We had a free day to explore the region. We chose to tour Concord and Lexington. After driving to Lexington we joined a trolley ride for a 90 minute to drive along the roads between Lexington and Concord; our guide told us the history of the Battle of Concord and Lexington, the start of the War for Independence.
Our trolley tour told of the first shots fired – it was it Lexington, but no one knows who fired first. Paul Revere and William Dawes had ridden in from Boston to warn the town that the British were coming. (Although everyone here was British at the time…)
Also, because Longfellow told us, everyone knows:
In 1896 Helen F. Moore, dismayed that William Dawes had been forgotten by Longfellow, penned a parody of Longfellow’s poem:
- ‘Tis all very well for the children to hear
- Of the midnight ride of Paul Revere;
- But why should my name be quite forgot,
- Who rode as boldly and well, God wot?
- Why should I ask? The reason is clear—
- My name was Dawes and his Revere.
Revere was arrested, but the word was out. The main confrontation occurred in Concord, as memorialized in the first verse of the Concord Hymn:
By the rude bridge that arched the flood,
Their flag to April’s breeze unfurled,
Here once the embattled farmers stood,
And fired the shot heard round the world.
We walked along the area of the first battle, and across the bridge. (Not the original bridge…):
There are graves of British here, too:
Along the trolley tour we saw the houses of Ralph Waldo Emerson and Henry David Thoreau. Thoreau’s house is about 1 1/2 miles from Walden Pond, so for all those months when Thoreau was isolated and alone at the pond, he usually walked home for dinner in the evening…
We walked about to see several historic houses in Lexington; this is the house that Revere (and Dawes) were riding to:
I know it’s a really old house, but this house (especially the door…) needs some attention:
The Munroe Tavern was occupied by the British as their headquarters:
After our memories of the history of the war with the British were refreshed, we needed to be refreshed with a little French food:
We walked about the town a bit, and headed back to the truck:
I had been in this area in 2008, on a bus tour, but not to see historic sights; we were here to see architecture. I recalled a neighborhood of modernist houses, but I didn’t know where they were or whose houses they were. I did remember the bus driver pointing out Walden Pond, so I thought we should check out the area and see what we could find.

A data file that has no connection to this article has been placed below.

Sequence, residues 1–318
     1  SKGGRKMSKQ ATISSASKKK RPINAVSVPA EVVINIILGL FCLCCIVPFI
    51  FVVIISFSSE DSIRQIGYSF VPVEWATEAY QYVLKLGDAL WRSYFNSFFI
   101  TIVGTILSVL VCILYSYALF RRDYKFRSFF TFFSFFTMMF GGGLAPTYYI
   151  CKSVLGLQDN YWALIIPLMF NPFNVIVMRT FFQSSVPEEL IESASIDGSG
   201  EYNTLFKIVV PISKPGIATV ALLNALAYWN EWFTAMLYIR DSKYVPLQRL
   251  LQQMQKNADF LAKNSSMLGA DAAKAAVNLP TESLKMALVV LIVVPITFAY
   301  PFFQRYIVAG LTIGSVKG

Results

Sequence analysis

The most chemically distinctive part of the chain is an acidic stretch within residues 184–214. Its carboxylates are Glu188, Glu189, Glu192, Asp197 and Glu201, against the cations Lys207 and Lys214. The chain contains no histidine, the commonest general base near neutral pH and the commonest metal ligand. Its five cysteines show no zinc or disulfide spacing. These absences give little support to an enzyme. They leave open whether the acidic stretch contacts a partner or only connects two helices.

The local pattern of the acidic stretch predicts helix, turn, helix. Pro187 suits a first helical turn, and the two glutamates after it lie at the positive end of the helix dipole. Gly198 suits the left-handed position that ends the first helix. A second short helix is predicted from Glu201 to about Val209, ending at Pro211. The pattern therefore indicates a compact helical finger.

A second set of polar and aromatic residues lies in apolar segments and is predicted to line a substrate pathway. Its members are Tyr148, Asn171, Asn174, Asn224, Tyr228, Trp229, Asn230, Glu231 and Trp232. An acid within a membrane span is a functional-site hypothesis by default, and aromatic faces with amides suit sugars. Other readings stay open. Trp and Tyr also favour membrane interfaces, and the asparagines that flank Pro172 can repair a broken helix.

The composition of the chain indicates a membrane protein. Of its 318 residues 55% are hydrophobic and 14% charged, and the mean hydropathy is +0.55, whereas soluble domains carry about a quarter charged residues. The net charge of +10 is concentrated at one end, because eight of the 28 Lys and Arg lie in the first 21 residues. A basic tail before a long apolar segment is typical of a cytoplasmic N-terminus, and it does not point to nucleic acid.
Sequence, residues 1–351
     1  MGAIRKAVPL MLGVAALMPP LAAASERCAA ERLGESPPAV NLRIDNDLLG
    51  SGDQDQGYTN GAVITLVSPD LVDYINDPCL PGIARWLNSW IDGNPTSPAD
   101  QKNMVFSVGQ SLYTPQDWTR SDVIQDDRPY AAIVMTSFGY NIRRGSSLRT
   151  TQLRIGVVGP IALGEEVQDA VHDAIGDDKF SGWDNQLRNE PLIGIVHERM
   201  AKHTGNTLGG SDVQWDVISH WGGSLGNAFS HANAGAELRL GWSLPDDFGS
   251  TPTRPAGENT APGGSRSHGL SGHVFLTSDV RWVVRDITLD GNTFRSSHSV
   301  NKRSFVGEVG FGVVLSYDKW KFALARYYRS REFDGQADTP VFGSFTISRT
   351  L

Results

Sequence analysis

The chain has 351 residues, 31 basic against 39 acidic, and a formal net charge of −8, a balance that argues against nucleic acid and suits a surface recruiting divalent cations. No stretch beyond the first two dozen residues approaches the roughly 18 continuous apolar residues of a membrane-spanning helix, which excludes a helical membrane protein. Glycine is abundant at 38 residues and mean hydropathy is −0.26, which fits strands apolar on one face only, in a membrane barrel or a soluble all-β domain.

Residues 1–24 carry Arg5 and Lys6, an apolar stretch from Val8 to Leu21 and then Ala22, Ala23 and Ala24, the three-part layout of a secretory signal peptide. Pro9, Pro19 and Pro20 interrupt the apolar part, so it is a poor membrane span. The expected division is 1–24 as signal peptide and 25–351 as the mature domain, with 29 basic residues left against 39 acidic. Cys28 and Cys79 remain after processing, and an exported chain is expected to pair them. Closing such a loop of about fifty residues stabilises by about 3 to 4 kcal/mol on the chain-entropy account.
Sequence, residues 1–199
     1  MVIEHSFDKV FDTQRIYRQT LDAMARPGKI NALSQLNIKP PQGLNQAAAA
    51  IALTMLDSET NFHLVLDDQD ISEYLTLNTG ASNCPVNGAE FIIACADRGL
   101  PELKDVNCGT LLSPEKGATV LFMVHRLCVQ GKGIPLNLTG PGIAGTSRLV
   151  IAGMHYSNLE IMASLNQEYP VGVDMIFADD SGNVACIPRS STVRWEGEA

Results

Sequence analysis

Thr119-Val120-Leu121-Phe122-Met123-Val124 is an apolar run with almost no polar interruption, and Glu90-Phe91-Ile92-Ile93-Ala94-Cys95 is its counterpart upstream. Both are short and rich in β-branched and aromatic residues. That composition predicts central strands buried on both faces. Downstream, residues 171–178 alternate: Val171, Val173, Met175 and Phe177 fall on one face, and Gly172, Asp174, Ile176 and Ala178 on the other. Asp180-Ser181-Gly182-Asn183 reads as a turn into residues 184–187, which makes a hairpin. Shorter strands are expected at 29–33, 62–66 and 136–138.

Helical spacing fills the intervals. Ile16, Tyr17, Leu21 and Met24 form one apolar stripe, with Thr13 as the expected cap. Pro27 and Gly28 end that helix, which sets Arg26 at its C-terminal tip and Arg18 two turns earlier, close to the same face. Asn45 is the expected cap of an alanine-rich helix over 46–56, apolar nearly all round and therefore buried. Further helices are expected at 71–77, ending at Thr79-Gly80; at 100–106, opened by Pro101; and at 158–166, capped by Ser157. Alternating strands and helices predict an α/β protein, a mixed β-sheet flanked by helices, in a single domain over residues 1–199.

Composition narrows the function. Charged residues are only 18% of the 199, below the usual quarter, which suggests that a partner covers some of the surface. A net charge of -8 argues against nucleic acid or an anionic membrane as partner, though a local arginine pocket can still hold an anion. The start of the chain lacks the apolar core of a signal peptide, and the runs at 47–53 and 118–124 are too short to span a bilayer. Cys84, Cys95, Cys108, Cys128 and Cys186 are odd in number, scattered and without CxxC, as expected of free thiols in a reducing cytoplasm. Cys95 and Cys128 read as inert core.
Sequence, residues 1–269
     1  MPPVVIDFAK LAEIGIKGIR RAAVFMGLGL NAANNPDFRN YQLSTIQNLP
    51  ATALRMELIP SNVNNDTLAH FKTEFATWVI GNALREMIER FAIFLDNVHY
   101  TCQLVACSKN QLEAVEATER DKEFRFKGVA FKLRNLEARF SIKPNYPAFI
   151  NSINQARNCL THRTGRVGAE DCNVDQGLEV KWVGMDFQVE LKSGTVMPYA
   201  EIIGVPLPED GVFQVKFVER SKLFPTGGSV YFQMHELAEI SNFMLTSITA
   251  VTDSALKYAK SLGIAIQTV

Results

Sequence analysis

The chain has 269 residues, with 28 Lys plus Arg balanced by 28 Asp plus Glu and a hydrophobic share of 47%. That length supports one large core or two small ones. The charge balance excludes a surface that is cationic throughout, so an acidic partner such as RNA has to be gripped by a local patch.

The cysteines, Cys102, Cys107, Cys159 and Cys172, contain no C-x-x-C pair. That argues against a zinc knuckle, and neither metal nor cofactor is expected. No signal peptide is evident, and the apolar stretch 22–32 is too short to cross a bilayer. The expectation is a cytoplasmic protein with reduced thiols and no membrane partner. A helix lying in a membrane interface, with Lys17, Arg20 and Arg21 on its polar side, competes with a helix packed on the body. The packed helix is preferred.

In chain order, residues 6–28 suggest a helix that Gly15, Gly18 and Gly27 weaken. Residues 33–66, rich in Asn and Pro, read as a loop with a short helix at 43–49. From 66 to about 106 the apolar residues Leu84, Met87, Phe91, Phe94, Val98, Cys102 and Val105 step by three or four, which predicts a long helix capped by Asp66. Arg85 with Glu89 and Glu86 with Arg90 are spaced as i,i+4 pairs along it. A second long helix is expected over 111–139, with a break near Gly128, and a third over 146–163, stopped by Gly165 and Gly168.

We easily found the pond. So I tried turning down some small roads to see what we could find; on my second try we found it!
This is the Walter Gropius house:
Walter Gropius founded The Bauhaus in Germany in the 1920s, revolutionizing modern architecture around the world. Apparently, the Germans were not impressed, because they closed The Bauhaus and Gropius fled Germany in the 1930s. After a time as a refugee in London, Gropius was hired to head Harvard’s Architecture Department. As his fame and influence spread, a nice lady offered Gropius $20,000 and 4 1/2 acres of land for him to build himself a house; here it is:
It is Gropius’ idea of a modern New England cottage; wood siding, but vertical, not horizontal; also, horizontal windows, not vertical. Flat roof, not pitched… Plus an angled front porch and a spiral stair just for fun.
Inside the house is wonderful; the entry hall with the traditional center stair:
The study, with an interior wall of glass block to share light with the Dining Room beyond:
The Dining Room, with the screened porch beyond:
Upstairs is a lovely deck, with one wall painted his custom-designed color, Bauhaus Pink:
And the view down from the deck towards the screened porch:
After all, what says “New England cottage” more than a screened porch?
Other views around the house:
Much of the furniture inside the house was designed by Gropius’ colleague, Marcel Breuer. Breuer was also given land next door to build his house, along with three other people this lady with the land liked… The other houses are privately owned and were not open, but back in 2008 we were permitted to walk the grounds.
Walter Gropius and his wife lived in the house until their deaths in 1969 and 1980, whereupon it was donated to the Historic Society…
We headed back to the Villa and enjoyed another GAM (Get Acquainted Meeting) with the other caravanners… Once again, an enjoyable time was had by all…